Supreme Court has adopted lax security protocols for years: report

Shaken by news that a draft notice had been secretly shared with the media in the case that would overthrow Roe against Wade last spring, the Supreme Court ordered an internal investigation to find the backer. After more than six months, investigators came back empty-handed.

According to a CNN report on Saturday, a lax security culture may be to blame for the matter.

Supreme Court justices reportedly used their personal email accounts for sensitive court cases instead of secure accounts created by government professionals. Staff members were able to print documents on machines that did not produce activity logs and could even use offsite printers via VPN access, CNN reported. (VPNs, or Virtual Private Networks, allow someone to access data over a secure network from their home or anywhere.)

In the hallways of court offices, “burn bags” were left open for staffers to place sensitive documents destined for destruction, according to three former employees who spoke to CNN.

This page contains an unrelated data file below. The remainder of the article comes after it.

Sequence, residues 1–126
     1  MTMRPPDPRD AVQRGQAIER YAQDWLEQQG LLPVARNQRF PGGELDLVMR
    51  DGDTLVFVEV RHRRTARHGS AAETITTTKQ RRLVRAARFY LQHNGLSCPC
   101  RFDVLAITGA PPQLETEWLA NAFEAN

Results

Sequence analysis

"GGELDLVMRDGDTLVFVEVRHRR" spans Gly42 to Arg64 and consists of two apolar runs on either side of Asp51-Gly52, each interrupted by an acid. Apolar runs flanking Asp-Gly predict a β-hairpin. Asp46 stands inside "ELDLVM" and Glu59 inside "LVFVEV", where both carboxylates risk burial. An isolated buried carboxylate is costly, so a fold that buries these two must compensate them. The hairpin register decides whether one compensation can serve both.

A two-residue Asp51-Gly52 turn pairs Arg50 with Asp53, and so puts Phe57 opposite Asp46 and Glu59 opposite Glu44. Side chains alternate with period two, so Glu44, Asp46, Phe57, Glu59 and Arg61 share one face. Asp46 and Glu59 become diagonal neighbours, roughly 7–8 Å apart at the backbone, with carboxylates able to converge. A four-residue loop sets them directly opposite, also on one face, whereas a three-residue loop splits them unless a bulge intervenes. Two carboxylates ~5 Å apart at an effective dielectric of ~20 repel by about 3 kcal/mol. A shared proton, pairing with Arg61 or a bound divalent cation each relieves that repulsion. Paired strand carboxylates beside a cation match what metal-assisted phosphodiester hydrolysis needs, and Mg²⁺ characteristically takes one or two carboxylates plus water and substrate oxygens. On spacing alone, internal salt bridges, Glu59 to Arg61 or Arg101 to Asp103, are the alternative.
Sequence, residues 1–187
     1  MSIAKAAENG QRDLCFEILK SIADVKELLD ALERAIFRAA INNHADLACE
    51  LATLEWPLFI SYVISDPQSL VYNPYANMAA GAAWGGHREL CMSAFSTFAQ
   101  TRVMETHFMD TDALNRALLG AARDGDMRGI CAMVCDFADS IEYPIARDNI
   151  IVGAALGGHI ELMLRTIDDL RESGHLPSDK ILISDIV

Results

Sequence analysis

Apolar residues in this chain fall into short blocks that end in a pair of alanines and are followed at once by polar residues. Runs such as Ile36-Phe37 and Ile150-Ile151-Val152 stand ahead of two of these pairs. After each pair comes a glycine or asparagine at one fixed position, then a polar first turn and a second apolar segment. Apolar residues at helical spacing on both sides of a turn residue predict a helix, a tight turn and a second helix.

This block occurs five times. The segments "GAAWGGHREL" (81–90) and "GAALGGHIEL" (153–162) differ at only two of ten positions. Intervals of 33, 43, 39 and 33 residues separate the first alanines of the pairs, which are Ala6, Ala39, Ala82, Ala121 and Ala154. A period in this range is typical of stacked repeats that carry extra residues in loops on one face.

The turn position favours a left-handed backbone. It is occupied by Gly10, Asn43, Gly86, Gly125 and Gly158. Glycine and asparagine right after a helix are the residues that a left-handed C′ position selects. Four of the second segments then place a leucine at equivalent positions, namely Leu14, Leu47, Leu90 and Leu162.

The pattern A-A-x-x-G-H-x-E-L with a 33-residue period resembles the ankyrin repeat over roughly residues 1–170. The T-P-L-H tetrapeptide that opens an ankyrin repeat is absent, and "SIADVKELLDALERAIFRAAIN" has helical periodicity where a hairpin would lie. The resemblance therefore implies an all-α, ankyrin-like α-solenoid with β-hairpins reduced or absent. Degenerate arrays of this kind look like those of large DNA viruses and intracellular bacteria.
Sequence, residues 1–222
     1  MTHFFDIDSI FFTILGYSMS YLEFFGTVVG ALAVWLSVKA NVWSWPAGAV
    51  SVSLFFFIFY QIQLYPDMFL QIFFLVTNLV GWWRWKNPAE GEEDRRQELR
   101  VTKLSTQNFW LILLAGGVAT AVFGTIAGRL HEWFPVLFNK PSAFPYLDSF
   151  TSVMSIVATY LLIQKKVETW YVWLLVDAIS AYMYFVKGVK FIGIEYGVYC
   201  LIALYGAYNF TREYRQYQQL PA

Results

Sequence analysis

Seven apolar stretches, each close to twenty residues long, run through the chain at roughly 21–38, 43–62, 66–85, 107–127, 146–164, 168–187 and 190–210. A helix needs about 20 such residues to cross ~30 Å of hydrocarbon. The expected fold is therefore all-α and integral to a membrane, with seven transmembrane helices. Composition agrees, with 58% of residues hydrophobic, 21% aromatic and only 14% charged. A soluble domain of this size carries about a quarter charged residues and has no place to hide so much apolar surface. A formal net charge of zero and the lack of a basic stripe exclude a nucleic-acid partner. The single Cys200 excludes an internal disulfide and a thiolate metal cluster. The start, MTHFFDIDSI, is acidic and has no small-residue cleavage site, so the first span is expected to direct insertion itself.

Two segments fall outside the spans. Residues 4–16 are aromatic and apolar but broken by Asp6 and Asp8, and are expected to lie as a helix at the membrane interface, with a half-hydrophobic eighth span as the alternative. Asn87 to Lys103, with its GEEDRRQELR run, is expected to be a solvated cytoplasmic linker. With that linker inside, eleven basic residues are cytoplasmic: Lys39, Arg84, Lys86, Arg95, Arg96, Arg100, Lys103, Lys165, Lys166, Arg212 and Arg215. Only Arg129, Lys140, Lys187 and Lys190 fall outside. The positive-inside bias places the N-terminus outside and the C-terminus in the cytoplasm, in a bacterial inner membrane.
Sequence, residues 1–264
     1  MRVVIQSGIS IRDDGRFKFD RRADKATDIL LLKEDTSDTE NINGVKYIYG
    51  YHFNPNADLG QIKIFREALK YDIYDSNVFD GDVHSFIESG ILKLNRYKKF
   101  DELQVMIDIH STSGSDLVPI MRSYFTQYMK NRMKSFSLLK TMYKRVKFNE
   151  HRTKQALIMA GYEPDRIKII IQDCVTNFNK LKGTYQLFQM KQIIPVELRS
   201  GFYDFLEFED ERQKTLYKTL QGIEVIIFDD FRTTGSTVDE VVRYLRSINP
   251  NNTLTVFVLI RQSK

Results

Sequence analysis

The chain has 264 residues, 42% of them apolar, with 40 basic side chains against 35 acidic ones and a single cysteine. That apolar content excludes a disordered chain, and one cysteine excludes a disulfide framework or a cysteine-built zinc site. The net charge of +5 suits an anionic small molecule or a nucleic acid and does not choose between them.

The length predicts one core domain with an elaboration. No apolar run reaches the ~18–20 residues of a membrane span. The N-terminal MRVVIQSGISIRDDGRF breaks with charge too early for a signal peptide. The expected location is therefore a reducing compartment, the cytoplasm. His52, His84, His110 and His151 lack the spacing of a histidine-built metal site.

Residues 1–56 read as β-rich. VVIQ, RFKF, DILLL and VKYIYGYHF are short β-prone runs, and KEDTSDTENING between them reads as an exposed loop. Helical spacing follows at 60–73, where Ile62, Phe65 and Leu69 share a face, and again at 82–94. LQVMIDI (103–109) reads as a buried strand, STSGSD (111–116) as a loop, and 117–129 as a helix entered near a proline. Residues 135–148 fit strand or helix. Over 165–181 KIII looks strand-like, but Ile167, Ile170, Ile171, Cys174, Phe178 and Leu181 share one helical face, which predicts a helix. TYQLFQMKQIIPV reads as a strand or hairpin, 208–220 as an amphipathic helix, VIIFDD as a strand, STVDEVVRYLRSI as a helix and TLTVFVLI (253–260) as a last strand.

The draft opinion that would overturn the 1973 Roe decision and restrict abortion rights in the United States was written by Judge Samuel Alito in Dobbs v. Jackson Women’s Health Organization. Politico published it in May.

Staff members would have been nervous about telling judges that they should take information security more seriously. As one former CNN employee put it, “It’s been going on for years.”

The 23-page investigators’ report into the leak, written by Supreme Court Marshal Gail Curley and released last month, criticized poor security practices in more general terms. Curley acknowledged that some printers had “very little logging capability at the time”, saying that the logs that did exist often only tracked the printing of the most recent 60 documents. Months passed between the time the draft notice was circulated internally and the day it was published by Politico.

“Whether [the leaker] …was an employee of the Court, or someone who had access to an employee’s home, that person was able to act with impunity due to insufficient security with regard to the movement of the paper documents of the Court home court, lack of mechanisms to track print jobs on court printers and copiers, and other security or policy deficiencies,” Curley’s report said.

She then made recommendations on improving security, which were not made public.

Investigators, however, have come under heavy criticism for not asking each of the judges to sign sworn affidavits about it, unlike regular court employees.


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